Ivy can look beautiful on a brick home. During the summer months, the ivy blooms with flowers, adds a thick green texture to the wall and gives your home a woodsy feel. There is a dark side to ivy, though. Ivy tendrils dig deep into brick and can actually grow through the brick and mortar, damaging your home. It will squeeze behind your spouting, through window coping and eventually damage your eaves and roof. If you see any of this happening to your house, you need to kill the ivy tendrils and pull the ivy away from your house.
Cut the ivy just above ground level with a pair of pruning or tree limb shears. Allow a week for the ivy to die and dry out. This will weaken the tendrils that grip onto the brick. This also eliminates damage as you pull the ivy away from the wall. If possible, wait until the winter months to complete this task as the ivy will be at its weakest.
Place a ladder securely against the wall so you can reach the highest point of the ivy.
Pull the ivy, starting from the ground and work your way up. Keep a pair of shears with you as you work your way up the ladder.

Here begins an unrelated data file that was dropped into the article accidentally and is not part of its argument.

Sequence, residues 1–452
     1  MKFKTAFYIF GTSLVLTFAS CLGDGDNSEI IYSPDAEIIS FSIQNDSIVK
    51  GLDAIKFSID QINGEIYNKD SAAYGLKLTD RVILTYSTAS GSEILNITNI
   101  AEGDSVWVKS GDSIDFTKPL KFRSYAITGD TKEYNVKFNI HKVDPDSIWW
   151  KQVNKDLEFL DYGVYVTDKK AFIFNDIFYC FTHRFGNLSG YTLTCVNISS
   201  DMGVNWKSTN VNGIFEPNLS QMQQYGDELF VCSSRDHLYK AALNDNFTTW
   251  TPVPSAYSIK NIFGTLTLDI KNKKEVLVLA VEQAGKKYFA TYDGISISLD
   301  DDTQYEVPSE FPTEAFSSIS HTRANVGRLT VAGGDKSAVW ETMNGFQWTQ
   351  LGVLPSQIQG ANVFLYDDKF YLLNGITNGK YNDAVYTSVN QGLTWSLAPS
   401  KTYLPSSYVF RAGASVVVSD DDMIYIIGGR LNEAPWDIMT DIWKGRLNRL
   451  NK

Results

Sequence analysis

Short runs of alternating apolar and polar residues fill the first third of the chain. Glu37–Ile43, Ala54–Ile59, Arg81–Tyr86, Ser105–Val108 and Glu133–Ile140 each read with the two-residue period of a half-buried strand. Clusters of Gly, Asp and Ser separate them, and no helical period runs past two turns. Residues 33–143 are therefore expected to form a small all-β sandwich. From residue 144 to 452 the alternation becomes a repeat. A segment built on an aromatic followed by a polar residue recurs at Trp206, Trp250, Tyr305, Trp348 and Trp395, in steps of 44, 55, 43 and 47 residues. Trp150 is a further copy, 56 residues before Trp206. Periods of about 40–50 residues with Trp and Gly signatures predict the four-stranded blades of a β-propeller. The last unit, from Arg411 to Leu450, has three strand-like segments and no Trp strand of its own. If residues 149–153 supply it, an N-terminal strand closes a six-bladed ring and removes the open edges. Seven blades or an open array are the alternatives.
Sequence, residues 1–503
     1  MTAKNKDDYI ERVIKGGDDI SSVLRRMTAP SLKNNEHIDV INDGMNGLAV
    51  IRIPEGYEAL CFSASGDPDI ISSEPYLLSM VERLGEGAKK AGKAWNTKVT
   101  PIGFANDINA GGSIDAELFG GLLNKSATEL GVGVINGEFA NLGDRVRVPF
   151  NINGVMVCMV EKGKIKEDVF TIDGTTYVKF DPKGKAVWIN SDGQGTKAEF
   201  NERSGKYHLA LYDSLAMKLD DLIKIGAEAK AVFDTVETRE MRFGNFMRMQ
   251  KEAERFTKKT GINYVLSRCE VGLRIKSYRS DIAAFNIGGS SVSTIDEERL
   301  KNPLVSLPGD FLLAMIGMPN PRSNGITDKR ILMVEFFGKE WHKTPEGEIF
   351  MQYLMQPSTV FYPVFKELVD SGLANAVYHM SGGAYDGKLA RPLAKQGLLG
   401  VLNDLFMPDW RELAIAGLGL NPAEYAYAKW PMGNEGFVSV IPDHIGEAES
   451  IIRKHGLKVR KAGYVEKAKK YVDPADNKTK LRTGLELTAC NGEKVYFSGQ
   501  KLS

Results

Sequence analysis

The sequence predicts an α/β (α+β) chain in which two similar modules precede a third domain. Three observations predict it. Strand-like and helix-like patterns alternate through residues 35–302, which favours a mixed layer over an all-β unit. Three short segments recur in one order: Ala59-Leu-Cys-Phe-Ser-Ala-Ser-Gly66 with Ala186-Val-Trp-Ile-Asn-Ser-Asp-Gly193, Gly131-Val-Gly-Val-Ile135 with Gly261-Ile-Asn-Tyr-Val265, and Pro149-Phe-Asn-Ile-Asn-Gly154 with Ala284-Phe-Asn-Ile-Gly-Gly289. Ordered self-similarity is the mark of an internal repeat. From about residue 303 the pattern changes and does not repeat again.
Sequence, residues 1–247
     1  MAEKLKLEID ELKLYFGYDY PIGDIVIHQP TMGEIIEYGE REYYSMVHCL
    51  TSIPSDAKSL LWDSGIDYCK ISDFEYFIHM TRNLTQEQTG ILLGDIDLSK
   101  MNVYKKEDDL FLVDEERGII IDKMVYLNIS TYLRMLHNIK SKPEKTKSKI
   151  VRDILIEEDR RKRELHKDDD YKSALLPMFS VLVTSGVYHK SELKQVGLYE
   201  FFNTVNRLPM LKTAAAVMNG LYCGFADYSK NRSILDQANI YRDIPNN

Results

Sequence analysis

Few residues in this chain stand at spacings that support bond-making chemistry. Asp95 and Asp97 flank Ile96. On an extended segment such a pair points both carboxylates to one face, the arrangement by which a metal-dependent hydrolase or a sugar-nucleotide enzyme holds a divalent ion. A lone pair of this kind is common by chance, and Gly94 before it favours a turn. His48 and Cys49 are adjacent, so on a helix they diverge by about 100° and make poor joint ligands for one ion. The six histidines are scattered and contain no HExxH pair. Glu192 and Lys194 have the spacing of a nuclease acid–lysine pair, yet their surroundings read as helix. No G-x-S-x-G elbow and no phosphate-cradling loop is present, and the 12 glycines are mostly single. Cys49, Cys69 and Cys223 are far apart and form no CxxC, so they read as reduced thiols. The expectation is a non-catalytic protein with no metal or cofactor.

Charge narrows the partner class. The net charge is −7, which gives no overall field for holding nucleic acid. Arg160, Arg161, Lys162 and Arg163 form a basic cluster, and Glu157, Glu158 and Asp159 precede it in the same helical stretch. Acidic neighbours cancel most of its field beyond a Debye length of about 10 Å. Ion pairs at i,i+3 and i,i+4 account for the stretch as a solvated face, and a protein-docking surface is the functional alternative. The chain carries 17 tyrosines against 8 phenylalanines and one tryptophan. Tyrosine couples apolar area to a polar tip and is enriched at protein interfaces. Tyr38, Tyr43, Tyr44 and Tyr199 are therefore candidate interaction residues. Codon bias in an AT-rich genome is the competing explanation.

Cut the ivy below any spouting that the ivy travels behind and then pull the remaining ivy up from behind the spouting and continue to separate the ivy from the wall.
Pull ivy out of any coping and eaves that it has worked its way into. If necessary, use a silicone caulk to seal any damage to the metal coping or eaves.
It is possible that the ivy growing on your home is poison ivy. If you are not sure, protect yourself by wearing work gloves and a long-sleeve shirt. When finished, discard the gloves and shirt, if possible. If not, wash them immediately.
Tips and warnings
- It is possible that the ivy growing on your home is poison ivy. If you are not sure, protect yourself by wearing work gloves and a long-sleeve shirt. When finished, discard the gloves and shirt, if possible. If not, wash them immediately.
Things you need
- Regular shears or pruning shears
- Silicone caulk
- Rubber gloves
- Long-sleeve shirt